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Life Line Project - The King CD (album) cover


Life Line Project

Symphonic Prog

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Honorary Collaborator
4 stars A couple days ago I received a package from Erik de Beer (Multi instrumentalist of THE LIFE LINE PROJECT) with their third album "The King". The first surprise was the nice detail of mentioning this humble reviewer and Prog Archives in the booklet for helping him with the addition of the band to the database....The truth is that most of the work was done by Erik and his sister Dorinde, who wrote the bio and provided the photo....But thanks for the courtesy.

Now, lets talk about "The King", and it's interesting to say that the idea comes back from 1976 but it's only in 2009 when Erik was diagnosed with terminal cancer that he decides to finish this long time delayed project. But sometimes bad things turn into good, the doctors made a mistake and the diagnose was changed to a non fatal disease and the album is ready to see the light and for us to enjoy,

"The King" starts with the dramatic "Opening". From the beginning is obvious that this is originally a 70's project with pompous and strong organ sections perfectly supported by powerful drumming, the Moog solo and posterior organ are reminiscent of TRIUMVIRAT'S virtuoso "Jürgen Fritz". During 5 minutes LIFE LINE PROJECT gives no rest to the listener, jumping from frenetic passages to nostalgic sections, a great opener.

Is this the End? was planned to be Erik's musical goodbye, so the mood is softer and melancholic with a very nice acoustic guitar. The vocals by "Mauschka Kartosonto" are very unusual, maybe a bit too acute for my personal taste, but fit perfectly in the atmosphere of the song. Later the guitar and flute sections are delightful,. but the vocals are not my cup of tea.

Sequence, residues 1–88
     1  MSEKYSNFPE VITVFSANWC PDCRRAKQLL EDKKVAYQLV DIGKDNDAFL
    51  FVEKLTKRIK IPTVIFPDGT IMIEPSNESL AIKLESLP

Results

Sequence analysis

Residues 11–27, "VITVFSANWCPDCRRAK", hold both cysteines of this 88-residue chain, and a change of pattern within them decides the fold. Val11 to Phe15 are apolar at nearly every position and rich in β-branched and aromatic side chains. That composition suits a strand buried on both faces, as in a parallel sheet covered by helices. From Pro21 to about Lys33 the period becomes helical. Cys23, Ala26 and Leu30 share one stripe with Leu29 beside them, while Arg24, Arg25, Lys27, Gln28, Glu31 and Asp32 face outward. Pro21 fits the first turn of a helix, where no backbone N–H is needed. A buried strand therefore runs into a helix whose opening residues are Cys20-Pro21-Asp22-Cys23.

"Free Passage" is a short and frenetic track in which Erik gives a lesson with the keyboards, again no rest for the listener, each of the 2:26 minutes is full of sounds and powerful music.

"Dusk is an atmospheric and acoustic song with Medieval moments, as in the case of a ravelling troubadour, the flute guides the band until about the middle, when "Erik de Beer" adds his dramatic guitar, still some soft flute passages appear once in a while, but the song turns nostalgic and stronger.

Now it's the time for "The King", a 38:00 minutes multi-part epic dedicated originally to Ceaucescu but which fits George W. Bush perfectly according to he inner notes.

There's too much inside this long track to mention every one of the 10 parts, from soft to aggressive sections that link perfectly as a puzzle, if I had to choose a couple of sections, I would have to go with the soft and acoustic "Defeat" (More or less in the style of Jan Akkerman) and the vibrant "Doom" with it's clear "Emersonian" sound, but to be honest, enjoyed all the epic.

Now comes the always hard part of rating, because translating all what you have heard during 55 minutes to a 5 points system is too cold and empty, but if I want to be fair, will go with 4 solid stars.

Report this review (#857696)
Posted Monday, November 12, 2012 | Review Permalink
5 stars Strong and solid symphonic rock with a touch of folk, is would you get when you check out the album "The King" by my compatriots and friends from LIFE LINE PROJECT, a project built around multi-instrumentalist Erik de Beer, who is taking care not only of all the keyboard parts, but who also plays all guitar leads. For the riffs and chords he is assisted by guitarist Bram Vroon.

The album starts incredibly strong with the very symphonic and heavy "Opening". It has great synthesizer solos and an extreme virtuoso metal-like guitar lead. The rhythm section, consisting of bass player Remon Bergwerff and drummer Ludo de Murlanos make a solid basis, while the bass even fulfils a solo and melodic part. The song ends with a very beautiful symphonic theme.